Abstract P071: How to Get a Better Night’s Sleep: Be Active and Reduce Sedentary Behaviour
Background: Approximately 40% of the population reports sleep problems such as poor quality sleep and insufficient sleep duration. Physical activity (PA) can help improve sleep, but data on whether PA intensity or duration is most strongly associated with sleep are lacking. In addition, given that sedentary behaviour (e.g., TV, computer use) is distinct from physical inactivity, the association between sedentary behaviour and sleep in young adults needs to be characterized.
Objective: To describe the relationships between sleep quality and sleep duration and (1) frequency and duration of light, moderate, and vigorous PA, and (2) different types of sedentary behaviours (TV, computer, reading) in young adults.
Methods: Self-report data for 658 participants were from the 22nd wave of the Nicotine Dependence in Teens (NDIT) cohort study (mean age=24.0 years, 46% male [300 of 658]). PA measures assessed frequency (number of days) and minutes of light, moderate and vigorous PA in the past week. Sedentary measures assessed number of hours spent reading, watching TV, and using the computer per day. Sleep measures included (1) the Pittsburgh Sleep Quality Index (PSQI) which assessed seven dimensions of sleep (daytime dysfunction, disturbances, duration, efficiency, latency, quality, use of sleeping medications), (2) general sleep quality, and (3) sleep duration in the past month. General sleep quality and sleep duration were two separate additional measures distinct from similar PSQI items (r=0.73 between general sleep quality and PSQI score; r=0.69 between sleep duration and PSQI score). Data were analyzed using multiple linear regression. Due to evidence of non-normality the PSQI score was log-transformed.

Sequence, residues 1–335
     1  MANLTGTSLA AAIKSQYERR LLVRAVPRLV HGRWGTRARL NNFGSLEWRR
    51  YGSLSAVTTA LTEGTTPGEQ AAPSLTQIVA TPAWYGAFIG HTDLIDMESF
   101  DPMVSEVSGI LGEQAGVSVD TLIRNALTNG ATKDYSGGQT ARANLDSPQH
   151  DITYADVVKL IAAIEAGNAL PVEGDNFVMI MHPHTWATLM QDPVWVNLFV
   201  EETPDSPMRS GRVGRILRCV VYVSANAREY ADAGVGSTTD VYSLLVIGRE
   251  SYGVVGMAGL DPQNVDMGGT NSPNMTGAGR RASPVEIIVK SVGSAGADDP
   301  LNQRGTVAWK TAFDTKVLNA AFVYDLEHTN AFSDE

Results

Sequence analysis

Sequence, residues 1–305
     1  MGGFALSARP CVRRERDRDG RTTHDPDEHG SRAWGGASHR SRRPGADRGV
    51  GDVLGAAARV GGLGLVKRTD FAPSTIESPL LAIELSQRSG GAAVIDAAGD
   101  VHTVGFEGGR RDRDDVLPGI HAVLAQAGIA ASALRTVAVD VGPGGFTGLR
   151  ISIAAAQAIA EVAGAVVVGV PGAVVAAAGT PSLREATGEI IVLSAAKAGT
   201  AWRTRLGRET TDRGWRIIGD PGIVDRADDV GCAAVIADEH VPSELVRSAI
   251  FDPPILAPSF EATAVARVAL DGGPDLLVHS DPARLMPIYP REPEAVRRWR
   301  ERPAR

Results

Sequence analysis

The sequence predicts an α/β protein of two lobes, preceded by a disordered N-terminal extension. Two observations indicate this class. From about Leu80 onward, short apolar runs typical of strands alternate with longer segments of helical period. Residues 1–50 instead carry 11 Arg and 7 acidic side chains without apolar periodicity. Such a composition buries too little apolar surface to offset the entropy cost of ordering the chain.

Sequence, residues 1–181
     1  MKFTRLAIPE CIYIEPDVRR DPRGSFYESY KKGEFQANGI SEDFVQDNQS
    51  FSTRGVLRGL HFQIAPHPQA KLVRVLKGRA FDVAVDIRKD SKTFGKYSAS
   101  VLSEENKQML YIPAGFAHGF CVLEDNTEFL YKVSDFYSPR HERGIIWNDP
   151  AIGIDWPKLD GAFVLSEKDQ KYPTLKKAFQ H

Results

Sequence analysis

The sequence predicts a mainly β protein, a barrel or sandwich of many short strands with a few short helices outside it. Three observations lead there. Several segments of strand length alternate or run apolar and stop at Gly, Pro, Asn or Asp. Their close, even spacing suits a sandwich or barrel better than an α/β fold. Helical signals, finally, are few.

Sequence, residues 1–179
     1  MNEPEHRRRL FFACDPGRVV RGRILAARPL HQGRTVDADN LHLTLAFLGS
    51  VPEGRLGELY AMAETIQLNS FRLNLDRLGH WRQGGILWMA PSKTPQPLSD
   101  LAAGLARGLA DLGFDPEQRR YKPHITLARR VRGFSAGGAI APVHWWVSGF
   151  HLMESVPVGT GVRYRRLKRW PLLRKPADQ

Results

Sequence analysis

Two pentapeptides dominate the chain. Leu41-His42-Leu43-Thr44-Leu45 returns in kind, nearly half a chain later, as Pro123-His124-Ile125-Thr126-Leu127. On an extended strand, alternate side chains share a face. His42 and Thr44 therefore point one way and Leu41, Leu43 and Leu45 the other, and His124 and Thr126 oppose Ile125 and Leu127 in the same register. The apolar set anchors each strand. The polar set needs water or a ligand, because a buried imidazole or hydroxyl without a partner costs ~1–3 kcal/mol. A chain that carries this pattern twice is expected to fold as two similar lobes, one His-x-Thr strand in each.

Results: Controlling for age, sex, and maternal education, each additional day of light or vigorous PA was associated with 3 minutes less sleep per night (p<0.05). Each additional 10 minutes of moderate PA was associated with greater general sleep quality (β=0.004, p=0.04). TV was associated with a poorer PSQI score (β=0.01, p<0.05) and each additional hour of reading was associated with 2 minutes less sleep per night (p=0.04). Computer use was associated with a poorer PSQI score (β=0.02, p=0.005) and poorer sleep quality (β=-0.02, p=0.05). Results were similar when sedentary and PA measures were included in the same model. The inclusion of body mass index, self-rated mental and general health, and stress did not affect the results and were omitted from the final models.
Conclusion: PA and sedentary behaviours are independently associated with sleep duration and quality. Sedentary behaviours are associated with poorer sleep duration and quality. In contrast, PA frequency may decrease sleep duration while PA duration may improve sleep quality. Clinicians who treat sleep problems in young adults may need to take PA and sedentary behavior into account in treatment plans.
Author Disclosures: L. Kakinami: None. E.K. O'Loughlin: None. J. Brunet: None. E.N. Dugas: None. C. Sabiston: None. J.L. O'Loughlin: None.
- © 2015 by American Heart Association, Inc.